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J Mol Biol. 2006 Oct 27;363(3):713-28. Epub 2006 Aug 22.

Visualizing the assembly of human Rad51 filaments on double-stranded DNA.

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Department of Biochemistry and Molecular Biophysics, Columbia University, College of Physicians and Surgeons, Black Building Room 536, 650 West 168th Street, New York, NY 10032, USA.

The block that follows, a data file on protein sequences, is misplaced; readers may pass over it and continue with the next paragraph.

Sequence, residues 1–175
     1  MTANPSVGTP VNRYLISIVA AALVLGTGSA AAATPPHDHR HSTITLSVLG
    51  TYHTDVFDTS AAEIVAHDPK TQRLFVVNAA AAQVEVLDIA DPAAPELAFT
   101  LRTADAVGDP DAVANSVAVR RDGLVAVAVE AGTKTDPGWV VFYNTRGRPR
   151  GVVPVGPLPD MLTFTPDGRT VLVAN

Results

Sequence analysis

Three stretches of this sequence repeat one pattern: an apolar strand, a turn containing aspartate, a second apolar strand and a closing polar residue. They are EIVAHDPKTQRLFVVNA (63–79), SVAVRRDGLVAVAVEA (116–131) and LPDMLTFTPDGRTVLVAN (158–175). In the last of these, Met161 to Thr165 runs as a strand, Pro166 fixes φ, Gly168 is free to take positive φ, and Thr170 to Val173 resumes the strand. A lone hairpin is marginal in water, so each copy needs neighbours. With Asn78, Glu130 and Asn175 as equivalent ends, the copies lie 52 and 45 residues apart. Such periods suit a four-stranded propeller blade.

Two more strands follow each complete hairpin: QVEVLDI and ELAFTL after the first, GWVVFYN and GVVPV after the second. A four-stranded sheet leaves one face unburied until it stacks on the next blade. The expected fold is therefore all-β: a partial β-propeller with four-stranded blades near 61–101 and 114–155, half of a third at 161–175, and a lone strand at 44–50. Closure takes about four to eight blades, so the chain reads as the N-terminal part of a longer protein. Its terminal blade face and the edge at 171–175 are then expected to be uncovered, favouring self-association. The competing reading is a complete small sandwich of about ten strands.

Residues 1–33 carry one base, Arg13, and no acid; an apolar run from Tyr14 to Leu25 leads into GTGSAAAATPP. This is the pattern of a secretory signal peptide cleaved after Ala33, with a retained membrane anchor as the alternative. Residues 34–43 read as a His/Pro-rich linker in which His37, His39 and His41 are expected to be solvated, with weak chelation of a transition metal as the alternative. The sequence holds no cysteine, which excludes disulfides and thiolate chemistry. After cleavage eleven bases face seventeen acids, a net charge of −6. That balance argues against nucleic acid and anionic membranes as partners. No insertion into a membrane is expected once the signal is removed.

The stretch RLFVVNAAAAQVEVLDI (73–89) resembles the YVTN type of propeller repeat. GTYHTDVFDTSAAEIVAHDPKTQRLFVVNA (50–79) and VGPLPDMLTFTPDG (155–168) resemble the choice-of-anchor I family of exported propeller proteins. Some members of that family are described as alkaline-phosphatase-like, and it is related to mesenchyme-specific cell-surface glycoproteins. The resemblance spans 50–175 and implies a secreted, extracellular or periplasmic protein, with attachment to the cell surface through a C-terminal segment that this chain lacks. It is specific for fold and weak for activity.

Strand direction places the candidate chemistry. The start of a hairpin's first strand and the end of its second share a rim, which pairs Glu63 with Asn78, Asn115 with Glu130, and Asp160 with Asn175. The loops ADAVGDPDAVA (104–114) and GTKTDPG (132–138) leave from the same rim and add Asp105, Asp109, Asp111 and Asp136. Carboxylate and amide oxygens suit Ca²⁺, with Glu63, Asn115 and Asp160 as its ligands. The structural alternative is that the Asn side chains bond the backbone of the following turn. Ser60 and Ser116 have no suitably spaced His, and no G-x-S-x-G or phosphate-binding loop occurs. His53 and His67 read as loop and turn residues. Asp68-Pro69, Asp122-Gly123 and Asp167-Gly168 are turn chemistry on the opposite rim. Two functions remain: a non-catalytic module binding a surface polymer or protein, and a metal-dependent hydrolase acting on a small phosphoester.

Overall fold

Rad51 is the core component of the eukaryotic homologous recombination machinery and assembles into extended nucleoprotein filaments on DNA. To study the dynamic behavior of Rad51 we have developed a single-molecule assay that relies on a combination of hydrodynamic force and microscale diffusion barriers to align individual DNA molecules on the surface of a microfluidic sample chamber that is coated with a lipid bilayer. When visualized with total internal reflection fluorescence microscopy (TIRFM), these "molecular curtains" allow for the direct visualization of hundreds of individual DNA molecules. Using this approach, we have analyzed the binding of human Rad51 to single molecules of double-stranded DNA under a variety of different reaction conditions by monitoring the extension of the fluorescently labeled DNA, which coincides with assembly of the nucleoprotein filament. We have also generated several mutants in conserved regions of Rad51 implicated in DNA binding, and tested them for their ability to assemble into extended filaments. We show that proteins with mutations within the DNA-binding surface located on the N-terminal domain still retain the ability to form extended nucleoprotein filaments. Mutations in the L1 loop, which projects towards the central axis of the filament, completely abolish assembly of extended filaments. In contrast, most mutations within or near the L2 DNA-binding loop, which is also located near the central axis of the filament, do not affect the ability of the protein to assemble into extended filaments on double-stranded (ds)DNA. Taken together, these results demonstrate that the L1-loop plays a crucial role in the assembly of extended nucleoprotein filaments on dsDNA, but the N-terminal domain and the L2 DNA-binding loop have significantly less impact on this process. The results presented here also provide an important initial framework for beginning to study the biochemical behaviors of Rad51 nucleoprotein filaments using our novel experimental system.

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